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NYC council weighing changes to law limiting how cops subdue suspects

NYC Council speaker Corey Johnson said Wednesday that

NYC Council speaker Corey Johnson said Wednesday that changes are being considered to a law that limits how cops can subdue suspects. Credit: Jeff Bachner

The New York City Council will consider changes to the so-called diaphragm law, a measure putting limits on how police subdue suspects but seen by critics as hamstringing the NYPD amid a spike in violence.

In an interview Wednesday with Brian Lehrer on WNYC radio, City Council Speaker Corey Johnson acknowledged that members will be talking with their constituents shortly and hearings could begin soon.

“I think this is an important conversation that has to be had with members of color of the council and advocates,” said Johnson, adding that opponents of the use of chokeholds by police, a tactic banned by the NYPD years ago, also had a role to play.

Some city officials and others have said they believe concern about the law has led to a slowdown of cops making arrests.

The fact that the law is under review appeared to be a tacit acknowledgment of criticism that it can inhibit police taking proactive action and has contributed to the spike in shootings this summer, mostly in minority neighborhoods. Johnson said he found the increase in shootings “scary” but didn’t know if there was any slowdown by cops.

While Johnson wasn’t specific as to when hearings would begin, reportedly they could start as early as next week. The diaphragm law was signed by Mayor Bill de Blasio in the spring and makes officers potentially subject to criminal prosecution for a misdemeanor if they kneel, sit or stand on a suspect while making an arrest in a way that constricts the person’s. diaphragm.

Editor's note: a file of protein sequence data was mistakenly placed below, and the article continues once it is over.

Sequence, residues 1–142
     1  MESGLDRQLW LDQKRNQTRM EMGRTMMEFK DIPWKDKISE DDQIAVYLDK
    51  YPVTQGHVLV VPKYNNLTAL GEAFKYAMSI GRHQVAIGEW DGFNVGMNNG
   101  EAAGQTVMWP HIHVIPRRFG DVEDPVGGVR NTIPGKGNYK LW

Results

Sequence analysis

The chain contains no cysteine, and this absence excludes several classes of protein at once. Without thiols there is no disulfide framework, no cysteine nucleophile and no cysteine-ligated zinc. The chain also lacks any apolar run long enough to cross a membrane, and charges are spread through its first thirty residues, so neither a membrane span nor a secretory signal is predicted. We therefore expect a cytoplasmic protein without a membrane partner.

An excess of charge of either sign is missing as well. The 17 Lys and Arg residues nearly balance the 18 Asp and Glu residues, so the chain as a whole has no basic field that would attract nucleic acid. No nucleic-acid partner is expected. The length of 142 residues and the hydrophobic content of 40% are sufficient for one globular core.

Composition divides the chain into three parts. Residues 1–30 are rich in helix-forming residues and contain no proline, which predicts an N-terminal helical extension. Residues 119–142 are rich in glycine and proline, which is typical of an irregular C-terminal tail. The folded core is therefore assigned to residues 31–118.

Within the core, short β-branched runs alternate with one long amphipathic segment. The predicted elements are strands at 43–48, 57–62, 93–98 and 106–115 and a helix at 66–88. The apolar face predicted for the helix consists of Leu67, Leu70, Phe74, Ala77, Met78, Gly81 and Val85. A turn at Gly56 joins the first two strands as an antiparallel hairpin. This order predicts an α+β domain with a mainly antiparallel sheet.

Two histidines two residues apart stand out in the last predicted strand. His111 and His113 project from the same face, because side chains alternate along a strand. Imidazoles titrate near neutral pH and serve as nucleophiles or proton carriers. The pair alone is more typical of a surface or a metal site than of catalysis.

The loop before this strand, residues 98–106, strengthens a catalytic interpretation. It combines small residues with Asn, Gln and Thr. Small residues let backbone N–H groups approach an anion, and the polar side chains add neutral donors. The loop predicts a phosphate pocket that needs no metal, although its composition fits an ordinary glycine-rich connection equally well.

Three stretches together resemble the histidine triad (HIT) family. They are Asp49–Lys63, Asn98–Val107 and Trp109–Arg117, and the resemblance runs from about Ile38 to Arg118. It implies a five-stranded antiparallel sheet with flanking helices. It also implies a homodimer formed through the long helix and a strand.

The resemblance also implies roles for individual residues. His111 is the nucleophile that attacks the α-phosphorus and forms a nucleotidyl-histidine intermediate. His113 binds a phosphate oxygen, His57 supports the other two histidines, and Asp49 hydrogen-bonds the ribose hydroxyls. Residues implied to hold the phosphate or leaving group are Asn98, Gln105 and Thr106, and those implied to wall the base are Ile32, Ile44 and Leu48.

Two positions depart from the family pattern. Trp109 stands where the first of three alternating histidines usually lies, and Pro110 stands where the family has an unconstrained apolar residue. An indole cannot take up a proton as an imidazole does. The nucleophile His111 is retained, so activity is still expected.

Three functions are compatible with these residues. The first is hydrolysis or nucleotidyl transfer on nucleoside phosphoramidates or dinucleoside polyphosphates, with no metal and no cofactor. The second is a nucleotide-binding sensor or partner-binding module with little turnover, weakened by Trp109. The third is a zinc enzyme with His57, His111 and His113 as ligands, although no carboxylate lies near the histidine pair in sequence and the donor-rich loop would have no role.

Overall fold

The measure, which is different then the state law barring chokeholds passed earlier in Albany as part of a round of police reform measures, was immediately criticized by NYPD brass as making cops fearful they could be prosecuted for incidental contact during a struggle. Law enforcement officials also questioned the measure's constitutionality and said it was vague and likely preempted by state regulations.

Johnson didn’t say what specific change was being contemplated. But reportedly, the council was considering adding a requirement that the cops conduct would have to be reckless while subduing a suspect for it to rise to the level of violating the law.

Police organizations were not heartened by news of the possible changes and said the entire diaphragm measure should be eliminated.

“Nothing short of a full repeal can repair the damage from this insane law,” Police Benevolent Association president Patrick Lynch said in a statement. “That won’t happen because the Mayor and City Council have no intention of actually fixing this problem.”

Concern about the law has led some law enforcement agencies outside of New York City, including Long Island, to either bar their officers from entering city limits, or restrict activities in the five boroughs.

In his daily media briefing Wednesday, de Blasio said any changes wouldn’t affect the current ban on chokeholds but just clarify the diaphragm law. He also acknowledged that communities and politicians have grown increasingly restive over the upsurge in shootings.

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